[The first ever cartoon, "Puss Gets the Boot", is shown. Jerry punches Tom in the eye, causing Tom to screech like a cat. Another scene is shown, showing Tom attempting to flee from his owner, yowling all the while]

NC (vo): Now that’s not as funny because it’s not as relatable. The only thing you think about when you hear that sound is a real-life cat getting hurt. What sick fuck would enjoy that? But when you add a human yell to it...

[A scene from "Little Quacker" is shown, showing Tom accidentally cutting his tail off with an axe, causing him to scream loudly]

NC (vo): Suddenly, it’s more funny. And, yes. Every single one of them is done by William Hanna.

[A brief montage of Tom screaming is shown]

NC (vo): So, why is this yell funnier than an actual cat yell? Well, on top of the surrealness factor, the idea of hearing a man’s voice come out of an animal’s mouth.

[A clip from the Three Stooges is shown]

NC (vo): As people, we understand a human being being hurt more than we do an animal.

[Various photos of various animals are shown]

NC (vo): Animals don’t communicate with us the same way we communicate with each other.

[Back to Tom and Jerry]

NC (vo): So, naturally, we’ll be able to find the humor easier with something that acts more human despite the fact that they look like an animal. That’s another reason why you almost never see them on all fours. The more they made it look like animals acting like people and not animals acting like animals, the more likely they were to get a laugh. They knew just when to have them use their voices, too, and they were never overplayed...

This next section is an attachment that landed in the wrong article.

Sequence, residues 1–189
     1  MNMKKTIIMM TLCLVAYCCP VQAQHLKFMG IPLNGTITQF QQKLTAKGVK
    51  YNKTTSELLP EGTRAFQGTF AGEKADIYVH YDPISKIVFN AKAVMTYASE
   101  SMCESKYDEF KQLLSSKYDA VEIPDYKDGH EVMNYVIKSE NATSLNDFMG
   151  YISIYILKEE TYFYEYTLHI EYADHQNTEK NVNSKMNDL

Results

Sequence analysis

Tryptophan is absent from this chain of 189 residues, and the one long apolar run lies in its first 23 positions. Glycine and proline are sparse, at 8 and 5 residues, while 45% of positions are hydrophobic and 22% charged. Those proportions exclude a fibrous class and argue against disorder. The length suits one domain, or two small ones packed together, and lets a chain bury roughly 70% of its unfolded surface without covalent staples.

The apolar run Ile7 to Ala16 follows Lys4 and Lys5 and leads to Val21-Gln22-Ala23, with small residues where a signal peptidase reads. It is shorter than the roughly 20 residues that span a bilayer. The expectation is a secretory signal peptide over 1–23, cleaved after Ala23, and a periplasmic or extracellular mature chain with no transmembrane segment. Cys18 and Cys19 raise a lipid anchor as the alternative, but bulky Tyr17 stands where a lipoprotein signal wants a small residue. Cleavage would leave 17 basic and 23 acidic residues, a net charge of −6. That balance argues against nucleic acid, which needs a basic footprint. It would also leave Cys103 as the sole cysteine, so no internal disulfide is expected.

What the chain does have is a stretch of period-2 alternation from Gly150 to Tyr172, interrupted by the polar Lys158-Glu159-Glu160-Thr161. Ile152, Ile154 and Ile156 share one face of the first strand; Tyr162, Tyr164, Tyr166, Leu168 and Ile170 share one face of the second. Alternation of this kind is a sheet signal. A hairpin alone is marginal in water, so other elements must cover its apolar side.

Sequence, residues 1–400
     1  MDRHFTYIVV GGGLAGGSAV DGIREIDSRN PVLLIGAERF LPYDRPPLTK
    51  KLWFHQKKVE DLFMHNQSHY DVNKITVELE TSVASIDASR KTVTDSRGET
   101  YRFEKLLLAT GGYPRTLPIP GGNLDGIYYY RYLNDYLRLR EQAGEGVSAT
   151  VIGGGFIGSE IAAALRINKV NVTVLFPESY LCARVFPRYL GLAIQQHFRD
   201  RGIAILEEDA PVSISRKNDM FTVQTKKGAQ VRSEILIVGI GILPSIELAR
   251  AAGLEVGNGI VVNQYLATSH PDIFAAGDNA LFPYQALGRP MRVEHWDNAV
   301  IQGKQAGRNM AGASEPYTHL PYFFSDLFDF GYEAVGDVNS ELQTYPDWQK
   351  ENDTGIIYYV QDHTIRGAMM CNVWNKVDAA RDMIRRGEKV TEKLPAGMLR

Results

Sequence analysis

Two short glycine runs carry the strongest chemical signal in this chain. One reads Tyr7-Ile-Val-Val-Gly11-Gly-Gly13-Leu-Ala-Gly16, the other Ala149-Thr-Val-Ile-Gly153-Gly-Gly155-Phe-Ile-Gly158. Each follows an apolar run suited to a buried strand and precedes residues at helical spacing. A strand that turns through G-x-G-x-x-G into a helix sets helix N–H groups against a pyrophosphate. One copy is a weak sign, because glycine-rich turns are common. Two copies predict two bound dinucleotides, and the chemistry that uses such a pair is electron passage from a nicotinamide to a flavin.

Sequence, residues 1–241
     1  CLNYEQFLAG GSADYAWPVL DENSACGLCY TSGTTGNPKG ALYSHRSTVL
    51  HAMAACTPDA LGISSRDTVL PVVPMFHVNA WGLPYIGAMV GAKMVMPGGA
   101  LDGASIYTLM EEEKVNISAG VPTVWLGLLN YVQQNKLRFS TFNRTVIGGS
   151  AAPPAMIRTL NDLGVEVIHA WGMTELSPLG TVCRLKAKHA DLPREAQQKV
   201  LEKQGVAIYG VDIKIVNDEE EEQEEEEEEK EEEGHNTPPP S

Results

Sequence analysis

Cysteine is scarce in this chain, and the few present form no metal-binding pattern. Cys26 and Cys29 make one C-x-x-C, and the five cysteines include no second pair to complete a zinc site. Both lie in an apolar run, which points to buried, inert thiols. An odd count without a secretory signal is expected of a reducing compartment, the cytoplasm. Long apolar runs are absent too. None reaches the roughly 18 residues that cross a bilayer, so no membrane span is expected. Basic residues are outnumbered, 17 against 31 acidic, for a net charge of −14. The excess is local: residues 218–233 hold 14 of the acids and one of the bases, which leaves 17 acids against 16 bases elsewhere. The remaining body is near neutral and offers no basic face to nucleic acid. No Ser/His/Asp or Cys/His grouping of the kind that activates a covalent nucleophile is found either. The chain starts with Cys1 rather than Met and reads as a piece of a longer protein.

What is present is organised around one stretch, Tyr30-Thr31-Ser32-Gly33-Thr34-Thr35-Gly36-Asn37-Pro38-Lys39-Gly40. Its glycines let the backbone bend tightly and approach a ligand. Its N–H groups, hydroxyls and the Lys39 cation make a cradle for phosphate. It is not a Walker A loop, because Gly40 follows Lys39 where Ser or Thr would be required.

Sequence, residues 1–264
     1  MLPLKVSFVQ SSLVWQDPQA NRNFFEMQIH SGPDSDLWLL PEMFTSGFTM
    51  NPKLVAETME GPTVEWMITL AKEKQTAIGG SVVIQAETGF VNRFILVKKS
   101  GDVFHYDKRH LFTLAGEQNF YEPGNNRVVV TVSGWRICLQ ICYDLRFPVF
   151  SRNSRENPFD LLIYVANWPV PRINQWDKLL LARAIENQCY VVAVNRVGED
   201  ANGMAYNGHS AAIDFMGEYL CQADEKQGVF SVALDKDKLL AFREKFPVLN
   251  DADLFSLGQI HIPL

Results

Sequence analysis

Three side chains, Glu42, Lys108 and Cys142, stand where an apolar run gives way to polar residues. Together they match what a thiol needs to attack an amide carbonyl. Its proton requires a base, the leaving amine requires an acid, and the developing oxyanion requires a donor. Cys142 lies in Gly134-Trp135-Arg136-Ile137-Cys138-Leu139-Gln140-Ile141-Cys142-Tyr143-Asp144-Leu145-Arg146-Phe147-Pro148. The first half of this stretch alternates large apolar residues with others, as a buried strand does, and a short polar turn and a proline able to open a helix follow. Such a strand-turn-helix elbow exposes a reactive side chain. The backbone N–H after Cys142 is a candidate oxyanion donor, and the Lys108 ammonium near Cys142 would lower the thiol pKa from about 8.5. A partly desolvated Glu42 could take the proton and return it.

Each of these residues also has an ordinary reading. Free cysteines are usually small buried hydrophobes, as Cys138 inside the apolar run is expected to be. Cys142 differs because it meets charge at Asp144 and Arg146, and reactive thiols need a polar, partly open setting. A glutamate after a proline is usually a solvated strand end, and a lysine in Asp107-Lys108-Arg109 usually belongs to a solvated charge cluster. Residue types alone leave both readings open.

[The poster for Tom and Jerry: The Movie is shown]

NC (vo): ...like some piece of cockbugger that I know. They were just used at the appropriate time when the scene needed something particularly silly to up the humor.

[A clip showing Tom talking with Spike, thinking he's a female cat, is shown]

Tom: [in a richly voice] I love you.

[A scene from "Mouse Trouble" is shown, showing Tom chasing Jerry into a corner. Tom reads a page on a book that says, "A Cornered Mouse NEVER Fights"]

NC (vo): This one especially gets me, just for the surrealness alone.

[After reading the book, Tom pounces onto Jerry. Crashes and bangs are heard offscreen, and ultimately, an injured Tom reappears and looks at the camera]

Tom: [in a deep, echoey voice] Don't you believe it!

NC (vo): Why that deeper voice? Why that major echo? Why even those exact words? I don’t know. It’s just so strange, you have to laugh at it. But again, if they use their voices too much, it would have gotten old, and a scene like that wouldn’t be nearly as funny. So they had to use them sparingly. The expressions are also something Hanna-Barbera got down perfectly. The more content and comfortable a character can be in their environment, the more funny it’ll be when it comes crackling down. That’s why so often you’ll see Tom give this mocking grin when he thinks he’s won. The more happy he is, the harder the blow will be that knocks him out of his bliss. Even a simple questioning expression can work, as long as the character looks generally confused, adding to the idea that the more the character thinks he’s connected to what’s really going on, the funnier it’ll be when reality comes smashing him in the face.